A couple weeks ago, I tweaked my back. Tweaked? Yes, tweaked. That’s the medical term used for when you bend over to do something seemingly innocuous only to straighten up to a sharp pain.
At the time, it wasn’t a big deal. I’ve tweaked my back on a number of occasions. Usually, it’s from playing tennis or snowboarding. Sometimes, it’s from fighting the forces of evil. In any case, these tweaks can manifest themselves as intermittent hip pain later on. Again, not usually a big deal. A couple days of taking it easy and everything is back in fighting form.
This time, however, the hip pain has lasted for three days and hasn’t gotten better. As a matter of fact, it’s gotten progressively worse and more constant. I also have new symptoms… numbness around my knee and infrequent muscle twicthing. Last night, it was bad enough that I had trouble sleeping. So at this point, I’m thinking, “I think they’re going to have to cut my leg off. How am I going to play kick ball with my baby? Can I install a finger throttle on the go-kart?” So I did what any self-respecting 30-ish person would do and self-diagnosed myself with the internet.
After a quick search for “hip pain nerve” I found all sorts of links to sciatica and other peripheral neuropathy (numbness at the extremeties) kinds of problems. There were also some sites that talked about osteo-necrosis (dead bone), but I ignored those given my vast knowledge of osteoporosis and other metabolic bone diseases (yay pharmaceutical sales training!). Of course, this was at 3:30 am so I wasn’t thinking all that clearly. Even so, I was convinced that it was some sort of pinched nerve.
Fast forward to this afternoon when I have my first Kaiser appointment ever with Dr. Sdao. (Pronounced Se-day-oh… not Chinese, white guy from Niagra Falls). Having never been to Kaiser before, I had no idea what to expect. But it was actually a very good experience. The check-in line was short, efficient, and polite. I was only in the waiting room for a couple minutes before the guy came to check my vitals. And the wait for the doctor was only a couple minutes after that. And to tell you the truth, I was very impressed with Dr. Sdao. He was very nice, very thorough, and spent an appropriate amount of time with me. I even found free parking right outside.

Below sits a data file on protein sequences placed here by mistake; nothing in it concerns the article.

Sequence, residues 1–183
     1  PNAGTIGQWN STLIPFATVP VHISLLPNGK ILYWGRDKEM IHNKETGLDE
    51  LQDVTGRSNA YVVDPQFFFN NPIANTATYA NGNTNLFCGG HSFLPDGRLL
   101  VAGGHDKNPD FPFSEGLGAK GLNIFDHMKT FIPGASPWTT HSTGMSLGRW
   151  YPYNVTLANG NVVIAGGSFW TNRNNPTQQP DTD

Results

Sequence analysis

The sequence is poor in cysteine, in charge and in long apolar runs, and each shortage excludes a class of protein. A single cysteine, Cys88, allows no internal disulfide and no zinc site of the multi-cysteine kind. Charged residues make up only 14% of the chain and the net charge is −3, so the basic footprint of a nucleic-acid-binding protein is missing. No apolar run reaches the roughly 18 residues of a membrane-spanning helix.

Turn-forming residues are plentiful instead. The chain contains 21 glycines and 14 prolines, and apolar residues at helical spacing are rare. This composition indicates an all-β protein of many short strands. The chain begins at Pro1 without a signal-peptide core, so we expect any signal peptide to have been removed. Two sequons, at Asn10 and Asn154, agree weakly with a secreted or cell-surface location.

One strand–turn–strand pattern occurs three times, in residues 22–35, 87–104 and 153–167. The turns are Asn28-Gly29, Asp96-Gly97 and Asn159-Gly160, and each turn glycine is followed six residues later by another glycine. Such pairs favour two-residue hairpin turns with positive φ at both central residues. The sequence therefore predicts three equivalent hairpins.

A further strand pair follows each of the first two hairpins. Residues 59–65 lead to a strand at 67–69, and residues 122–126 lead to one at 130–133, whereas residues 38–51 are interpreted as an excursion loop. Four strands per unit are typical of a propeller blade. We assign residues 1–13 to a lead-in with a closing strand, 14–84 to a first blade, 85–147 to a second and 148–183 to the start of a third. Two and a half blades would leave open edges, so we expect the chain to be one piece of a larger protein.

Anyway, his diagnosis was pretty much what I expected… Lumbar Radiculopathy, also referred to as sciatica. That basically means I have some irritation of the nerve root at the lumbar spine (lower back). In my particular case, the irritation is ocurring at the L2-L3 vertebrae indicated by the numbness in my knee. This is a relatively rare scenario. More often, the L4 and L5 vertebrae are the problem which typically causes numbness and loss of strength below the knee, down the calf, and even down to the ankle and foot.
Anyway, after some reflex tests and strength/flexibility tests, he basically summed up by saying that I shouldn’t be lifting 80 lb bags of concrete but I should be able to remain fairly active without worrying about aggravating it. As far as medication, his recommendation was 800 mg of ibruprofen every six hours. Otherwise, as the saying goes, time heals all wounds.
So, do I need to worry about my back hampering my professional motorsports career? Thank-goodness, no. Should I take it easy the next few months to make sure I can pick up my newborn baby? Probably.